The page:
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Becoming a Better Developer and Letting Go Of Dogma

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I recently found myself in a debate with some of my colleagues where I was in the minority during the course of the discussion, and was having a hard time conceding my point and acquiescing to the greater group’s logic.

The topic really doesn’t matter for the sake of this post, but I went home and really had to think about why I felt the way I did and why it was hard for me to see everyone else’s point of view. After some time I realized that I had become so stuck in my own dogma that it blinded me from seeing the other point of view.

When it comes to developers, there are often two types of ways to embrace new ideas. On one side, you have those who are reticent to jump into every new technology, technique, and methodology because they’re unproven and risky. These folks are happy to stick with what has worked for them for years (and probably will for many more to come).

On the other side are those who relish the chance to try the latest and greatest on their current project. New stuff is exciting, pushes the boundaries, and is sometimes vastly superior to previous techniques they’ve learned. People in this camp are often itching to move on to whatever is “next” because it broadens their skill-sets and challenges them to learn new things.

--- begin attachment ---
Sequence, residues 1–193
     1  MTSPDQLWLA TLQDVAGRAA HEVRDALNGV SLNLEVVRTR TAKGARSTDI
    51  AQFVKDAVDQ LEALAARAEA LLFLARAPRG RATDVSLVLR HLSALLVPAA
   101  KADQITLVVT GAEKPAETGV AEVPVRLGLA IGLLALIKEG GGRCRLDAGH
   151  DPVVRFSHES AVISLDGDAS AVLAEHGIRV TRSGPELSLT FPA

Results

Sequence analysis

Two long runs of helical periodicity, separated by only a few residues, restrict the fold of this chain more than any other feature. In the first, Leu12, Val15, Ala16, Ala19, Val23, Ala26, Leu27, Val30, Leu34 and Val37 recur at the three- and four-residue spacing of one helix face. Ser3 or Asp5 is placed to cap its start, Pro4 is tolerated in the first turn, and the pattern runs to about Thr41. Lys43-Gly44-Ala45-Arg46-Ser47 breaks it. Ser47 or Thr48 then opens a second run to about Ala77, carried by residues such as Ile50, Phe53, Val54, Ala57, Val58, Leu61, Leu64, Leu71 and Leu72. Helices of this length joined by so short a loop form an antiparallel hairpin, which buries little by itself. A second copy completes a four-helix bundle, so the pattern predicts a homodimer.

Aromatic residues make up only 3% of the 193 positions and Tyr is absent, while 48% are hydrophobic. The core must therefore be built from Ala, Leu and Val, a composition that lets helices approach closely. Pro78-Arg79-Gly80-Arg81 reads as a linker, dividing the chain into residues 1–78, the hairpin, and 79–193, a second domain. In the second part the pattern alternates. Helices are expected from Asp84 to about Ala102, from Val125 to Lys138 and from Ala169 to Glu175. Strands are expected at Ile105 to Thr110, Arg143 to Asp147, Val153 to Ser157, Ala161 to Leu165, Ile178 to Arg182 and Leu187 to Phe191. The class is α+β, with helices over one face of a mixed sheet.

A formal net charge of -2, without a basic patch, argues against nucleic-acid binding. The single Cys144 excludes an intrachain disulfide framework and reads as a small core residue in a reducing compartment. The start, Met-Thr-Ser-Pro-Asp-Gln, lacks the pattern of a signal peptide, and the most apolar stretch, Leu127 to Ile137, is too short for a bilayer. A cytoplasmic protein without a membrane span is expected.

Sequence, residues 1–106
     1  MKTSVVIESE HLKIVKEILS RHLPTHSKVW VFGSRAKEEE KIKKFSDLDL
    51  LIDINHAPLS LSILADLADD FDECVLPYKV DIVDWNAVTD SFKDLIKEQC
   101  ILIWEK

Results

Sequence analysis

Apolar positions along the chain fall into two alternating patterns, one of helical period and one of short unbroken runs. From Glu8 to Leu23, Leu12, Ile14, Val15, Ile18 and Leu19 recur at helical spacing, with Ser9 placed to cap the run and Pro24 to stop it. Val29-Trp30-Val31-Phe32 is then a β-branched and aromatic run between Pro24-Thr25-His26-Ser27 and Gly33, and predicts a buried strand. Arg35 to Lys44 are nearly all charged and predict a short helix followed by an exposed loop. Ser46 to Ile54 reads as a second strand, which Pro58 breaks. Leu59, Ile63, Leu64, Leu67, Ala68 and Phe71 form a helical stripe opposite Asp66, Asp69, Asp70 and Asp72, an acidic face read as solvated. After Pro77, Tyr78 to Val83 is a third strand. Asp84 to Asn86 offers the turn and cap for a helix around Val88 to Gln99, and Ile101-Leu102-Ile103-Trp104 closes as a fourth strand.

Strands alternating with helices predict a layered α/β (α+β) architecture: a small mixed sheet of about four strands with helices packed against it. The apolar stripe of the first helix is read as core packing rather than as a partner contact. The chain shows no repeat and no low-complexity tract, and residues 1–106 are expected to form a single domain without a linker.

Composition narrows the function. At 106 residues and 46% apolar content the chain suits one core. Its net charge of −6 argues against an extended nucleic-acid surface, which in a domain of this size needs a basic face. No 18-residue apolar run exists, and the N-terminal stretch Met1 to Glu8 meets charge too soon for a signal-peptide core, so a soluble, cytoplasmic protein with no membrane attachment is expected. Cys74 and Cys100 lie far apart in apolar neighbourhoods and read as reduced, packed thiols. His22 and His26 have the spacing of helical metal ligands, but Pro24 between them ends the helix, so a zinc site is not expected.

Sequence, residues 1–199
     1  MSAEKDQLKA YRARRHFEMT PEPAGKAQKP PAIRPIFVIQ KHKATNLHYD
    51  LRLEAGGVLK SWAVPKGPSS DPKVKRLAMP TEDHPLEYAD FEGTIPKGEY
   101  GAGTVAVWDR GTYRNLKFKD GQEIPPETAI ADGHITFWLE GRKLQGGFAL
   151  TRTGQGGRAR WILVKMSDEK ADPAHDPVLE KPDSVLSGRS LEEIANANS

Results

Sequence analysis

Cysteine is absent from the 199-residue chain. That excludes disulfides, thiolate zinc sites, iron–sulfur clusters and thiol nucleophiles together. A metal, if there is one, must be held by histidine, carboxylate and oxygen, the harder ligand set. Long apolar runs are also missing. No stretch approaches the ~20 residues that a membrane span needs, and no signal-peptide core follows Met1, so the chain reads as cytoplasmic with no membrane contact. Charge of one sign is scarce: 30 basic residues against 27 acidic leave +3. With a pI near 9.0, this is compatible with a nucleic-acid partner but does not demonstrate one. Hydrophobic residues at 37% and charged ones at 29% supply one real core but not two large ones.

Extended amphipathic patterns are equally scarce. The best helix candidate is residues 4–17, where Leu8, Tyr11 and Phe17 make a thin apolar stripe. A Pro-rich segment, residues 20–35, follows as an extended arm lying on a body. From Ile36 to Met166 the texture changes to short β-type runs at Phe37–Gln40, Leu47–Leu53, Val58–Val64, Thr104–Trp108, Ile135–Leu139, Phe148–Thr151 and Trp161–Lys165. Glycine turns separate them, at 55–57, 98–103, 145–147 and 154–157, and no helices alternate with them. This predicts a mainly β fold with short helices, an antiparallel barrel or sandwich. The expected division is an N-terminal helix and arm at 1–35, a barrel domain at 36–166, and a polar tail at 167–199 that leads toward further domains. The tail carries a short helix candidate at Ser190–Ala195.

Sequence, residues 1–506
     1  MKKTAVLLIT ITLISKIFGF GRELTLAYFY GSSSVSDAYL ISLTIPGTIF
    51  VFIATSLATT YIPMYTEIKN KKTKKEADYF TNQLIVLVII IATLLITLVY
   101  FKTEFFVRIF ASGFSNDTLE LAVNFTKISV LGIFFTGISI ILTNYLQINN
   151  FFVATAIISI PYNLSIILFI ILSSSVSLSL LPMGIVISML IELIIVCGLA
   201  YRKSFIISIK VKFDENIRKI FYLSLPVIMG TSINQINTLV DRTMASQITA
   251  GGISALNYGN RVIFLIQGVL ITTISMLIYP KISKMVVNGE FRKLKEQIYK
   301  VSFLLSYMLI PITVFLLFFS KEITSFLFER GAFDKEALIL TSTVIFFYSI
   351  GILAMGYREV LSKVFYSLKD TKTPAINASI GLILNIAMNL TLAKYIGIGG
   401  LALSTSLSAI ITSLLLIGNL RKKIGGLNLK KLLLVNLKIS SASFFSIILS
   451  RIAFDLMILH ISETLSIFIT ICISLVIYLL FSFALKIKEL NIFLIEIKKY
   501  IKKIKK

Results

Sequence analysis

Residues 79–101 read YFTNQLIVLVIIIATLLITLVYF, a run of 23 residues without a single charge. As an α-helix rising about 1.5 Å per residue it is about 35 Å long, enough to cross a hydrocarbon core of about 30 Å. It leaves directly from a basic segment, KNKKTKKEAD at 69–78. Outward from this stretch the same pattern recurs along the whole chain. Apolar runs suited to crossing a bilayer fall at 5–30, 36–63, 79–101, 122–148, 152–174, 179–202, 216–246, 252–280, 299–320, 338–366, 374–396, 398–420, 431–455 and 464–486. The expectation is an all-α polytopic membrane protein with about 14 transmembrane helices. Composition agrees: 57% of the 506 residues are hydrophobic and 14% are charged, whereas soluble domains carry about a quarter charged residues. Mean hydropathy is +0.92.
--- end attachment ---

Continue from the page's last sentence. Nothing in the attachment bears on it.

It’d be hard to find someone who is strictly one type or the other in every single context, but regardless, being a developer who employs the best of both is important.

As you go through your career, you may find that you transition between both mindsets but never fully embrace one side or the other. This brings me back to the discussion with my colleagues. I had simply swung too far toward the “tried and true” philosophy and needed to bring myself back to center; change is important and absolutely necessary to help us evolve as developers. Still, it doesn’t hurt to have a bit of skepticism when something new is presented—as long as, again, you aren’t blinded by your own dogma.

We all have an opinion and all think we’re right at times… but in a profession where technology (and the principles that guide it) changes so fast, you need to have open arms to at least some extent, or you’re eventually gonna drop the ball.

What do you think? Do you sometimes find yourself in one camp or the other? Drop us a note in the comments.

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